viewing fans by the hundred, a des- human and topical interest; BUT,
tr-ble factor for that TV 'Astion. the network and it is a well-known
Unfortunately thereis aljvays that fact that. many people take great
significant word- BUT, anid Hai- deljglft in viewing advertising,
ti's television at present does not therefore to keep people's interest
fall into.an "excluding" category, up.in television. advertising would
Naturally there are s e r a.I it not. be advantageous to. spread
things that TELE-HAITI wants the. medium throughout the even-
from its presentation of -television., ing's'program instead of disrupting
things that -are essentials. in all certain tograms at crucial morn-
forms of business and include a exits (for the viewer anyway) and
smooth running venture, a profit- displaying not one but anything up
able venture and increased custom- to 5 adverisements." of varying
er participation etc., plus, and this length' one after the other. Sec-


- NHIISO


IN HAITI SHOP
-AT


FISH ER' S .

HAITI'S LARGEST FREE PORT PRICE

SHOPS AND MAHOGANY FACTORY

1) GALLERIES FISHER ACROSS FROM NEW U.S. EMBASSY

2) ART & CURIO SHOP FISHERS ACROSS FROM CUSTOMS HOUSE

SAVE UP TO 60 Per Cent ON IMPORTS
AND BUY HAITIAN HflNDICRAFTS
STRAIGHT EROM THE FACTORY
ON THE RUE DU QUAI
(AM. EXPR. AND DINERS CLUB ACCEPTEp)


S


'T. . "LA~U 1
Jl %;P ILiA- L. IA


ond sorepoint and '-perhaps. .-Ihe-...
worts can be called repetition. -
No one., ino one with 'discerning. '
ta te that ig, wants to be subje -died
to seeingthe same show .-2 mr 3
times and unfortimately this is -
happening with -all to annoying re-.-
uilarity. This is made worse by the
indisputable fact that these films.
are 9 times out of 10 of consider-
able length and serve ultimately no
purpose other than annoy .to -;
screaming point the person watch-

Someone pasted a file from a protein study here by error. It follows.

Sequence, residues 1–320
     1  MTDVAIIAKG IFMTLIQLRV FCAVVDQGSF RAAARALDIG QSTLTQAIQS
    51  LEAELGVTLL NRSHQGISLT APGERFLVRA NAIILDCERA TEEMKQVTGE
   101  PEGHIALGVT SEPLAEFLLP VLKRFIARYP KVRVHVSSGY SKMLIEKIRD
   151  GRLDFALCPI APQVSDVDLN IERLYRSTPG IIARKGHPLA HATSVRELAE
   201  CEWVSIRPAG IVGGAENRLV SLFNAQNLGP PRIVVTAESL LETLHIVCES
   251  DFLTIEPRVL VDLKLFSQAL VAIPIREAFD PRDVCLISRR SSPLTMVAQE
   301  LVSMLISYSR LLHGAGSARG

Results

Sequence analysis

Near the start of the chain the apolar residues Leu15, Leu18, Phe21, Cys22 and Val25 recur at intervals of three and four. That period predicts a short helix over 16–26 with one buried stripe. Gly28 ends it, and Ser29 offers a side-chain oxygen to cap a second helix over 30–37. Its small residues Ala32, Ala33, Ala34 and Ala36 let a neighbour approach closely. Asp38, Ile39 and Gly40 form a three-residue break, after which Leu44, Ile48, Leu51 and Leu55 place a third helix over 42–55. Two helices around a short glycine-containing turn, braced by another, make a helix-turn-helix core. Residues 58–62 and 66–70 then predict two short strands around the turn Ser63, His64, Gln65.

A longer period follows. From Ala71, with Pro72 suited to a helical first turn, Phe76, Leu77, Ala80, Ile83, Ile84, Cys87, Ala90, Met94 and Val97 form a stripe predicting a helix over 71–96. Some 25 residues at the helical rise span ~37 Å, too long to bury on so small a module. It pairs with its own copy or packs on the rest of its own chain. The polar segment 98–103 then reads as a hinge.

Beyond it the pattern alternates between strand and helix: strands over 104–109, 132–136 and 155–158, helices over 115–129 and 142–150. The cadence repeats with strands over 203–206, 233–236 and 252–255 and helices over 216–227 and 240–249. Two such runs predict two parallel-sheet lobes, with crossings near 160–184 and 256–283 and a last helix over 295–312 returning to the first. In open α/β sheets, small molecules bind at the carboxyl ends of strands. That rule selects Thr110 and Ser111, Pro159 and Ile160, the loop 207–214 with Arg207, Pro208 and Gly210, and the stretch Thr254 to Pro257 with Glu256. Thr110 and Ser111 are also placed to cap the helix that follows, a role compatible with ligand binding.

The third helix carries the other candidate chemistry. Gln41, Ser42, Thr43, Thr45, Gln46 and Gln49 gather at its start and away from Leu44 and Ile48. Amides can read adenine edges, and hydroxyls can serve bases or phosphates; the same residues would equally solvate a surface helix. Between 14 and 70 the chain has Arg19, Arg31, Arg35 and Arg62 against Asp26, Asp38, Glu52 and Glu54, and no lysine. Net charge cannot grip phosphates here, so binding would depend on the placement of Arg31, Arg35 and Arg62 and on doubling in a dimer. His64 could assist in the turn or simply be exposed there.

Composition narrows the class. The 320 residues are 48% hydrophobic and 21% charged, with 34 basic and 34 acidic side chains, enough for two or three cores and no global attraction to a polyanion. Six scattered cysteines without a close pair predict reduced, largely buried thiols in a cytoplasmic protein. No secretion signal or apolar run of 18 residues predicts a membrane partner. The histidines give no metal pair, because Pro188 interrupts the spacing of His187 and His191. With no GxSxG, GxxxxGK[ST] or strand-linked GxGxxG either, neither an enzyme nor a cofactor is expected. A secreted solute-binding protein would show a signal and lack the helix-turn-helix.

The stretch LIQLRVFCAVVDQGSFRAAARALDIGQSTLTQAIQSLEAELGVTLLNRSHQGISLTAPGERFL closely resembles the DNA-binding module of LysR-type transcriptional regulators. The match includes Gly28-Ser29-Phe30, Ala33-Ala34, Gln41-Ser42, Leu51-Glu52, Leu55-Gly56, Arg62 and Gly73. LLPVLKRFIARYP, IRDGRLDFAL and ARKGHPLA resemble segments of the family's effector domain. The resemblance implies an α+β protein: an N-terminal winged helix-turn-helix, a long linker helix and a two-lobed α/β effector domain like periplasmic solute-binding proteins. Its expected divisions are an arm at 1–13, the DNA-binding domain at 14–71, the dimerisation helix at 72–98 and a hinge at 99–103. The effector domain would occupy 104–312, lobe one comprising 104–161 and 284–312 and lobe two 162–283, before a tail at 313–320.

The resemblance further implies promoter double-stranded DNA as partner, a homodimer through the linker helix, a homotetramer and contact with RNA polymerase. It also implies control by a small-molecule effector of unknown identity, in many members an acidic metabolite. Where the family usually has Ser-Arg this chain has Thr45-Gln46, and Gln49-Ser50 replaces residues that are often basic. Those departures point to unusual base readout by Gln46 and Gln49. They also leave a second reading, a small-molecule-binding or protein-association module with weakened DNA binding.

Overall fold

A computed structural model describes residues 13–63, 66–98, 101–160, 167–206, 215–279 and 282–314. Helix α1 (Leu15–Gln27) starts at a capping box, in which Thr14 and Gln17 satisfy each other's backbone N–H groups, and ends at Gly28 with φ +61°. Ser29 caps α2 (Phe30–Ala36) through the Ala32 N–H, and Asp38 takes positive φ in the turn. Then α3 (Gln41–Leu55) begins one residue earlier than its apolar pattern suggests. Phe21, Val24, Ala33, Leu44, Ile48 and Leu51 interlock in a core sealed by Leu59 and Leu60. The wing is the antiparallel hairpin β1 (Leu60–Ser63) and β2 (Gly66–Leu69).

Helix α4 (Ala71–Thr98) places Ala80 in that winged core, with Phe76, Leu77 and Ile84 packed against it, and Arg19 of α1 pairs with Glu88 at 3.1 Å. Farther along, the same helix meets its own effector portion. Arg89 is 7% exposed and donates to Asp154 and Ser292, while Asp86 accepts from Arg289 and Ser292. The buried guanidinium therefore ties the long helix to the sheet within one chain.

ing television.
Of course the T.V. can easily be
switched off, but, the customer does
not spend hundreds of dollars buy-
ng a T.V,. set he is not going to
use and it is certain the company
sponsoring the- network does not
want to be without viewers; which
state means only one culmination
- no T.V., -
REVISED OR NOT TELEVISED.
* *


Dear Sir:
. This week I saw something on
the wharf of Port-au-Prince that
will probably interest you and your
readers: a knock-down gasoline
tank with the Lollowing marks in
big'red letters: ESSO, PAP IAITI
MADE IN HOLLAND. Esso buys
its heavy, equipment from Europe
where it is cheap... Delightful!...
Especially when you consider that
Esso is an American company, and
that, whenever we get a loan from
Uncle Sam a prime requisite of the
loan is that we, must use SOLA-
MNENTE expensive machinery and
expensive "technicians" from U.S.
A.. Even cement had to be Ameri-
can made for the Peligre dam.
* When you consider that European
machinery, European steel and ce-
ment are much less' expensive and
just as good, and when you see in-
credibly rich Essd pinching penn-
ies to please its stockholders while
we are sweating out our blood to
please Americans...' (come to think
of it the stockholders of Esso et al),
I can only arrive to this conclusion:
ESSO is rich enough to buy cheap-
ly from Europe, and Haiti is too
poor to buy anything but expensive
stuff from U.S.A.
SDISGRUNTLID
HOUSE WANTED
Wanted to rent by July fifteenth
for indefinite period unfurnished ie-
sidence three bedrooms, two baths,
modern plumbing, modern Kitchen,
ho. water throughout, garden with
shade trees. Place Boyer is pre-
ferred artist wile could use studio
in conjunction.
Reply: HAITI SUN.

SEEKS POSITION
Execntive Secretary bilingual;
mastering French -English; long
.experience office businessi steno;
speaks Italian; seeks full or part -
time position. '.
Write P.O. Box'294, Port-an-Prlne.


4


.


V


S"'A TT


1 .1


J.









PAGE 6


"HAITI SUN"


New Building For Chauffeurs Union Will Aid Work

$6,000 Needed For Completion


An ambitious project tb provide 250 ,members with Union
Headquarters was commenced on the '1st of May, 1959 by
the Association of Tourist Guides and Chauffeurs. To be the
firet of its kind in HIaiti, the Union building will, on its
ccnp4letion, help the Association members in their work
and -assure the members' children a chance fbr an education.
President of the Republic, Dr. Francois Duvalier laid the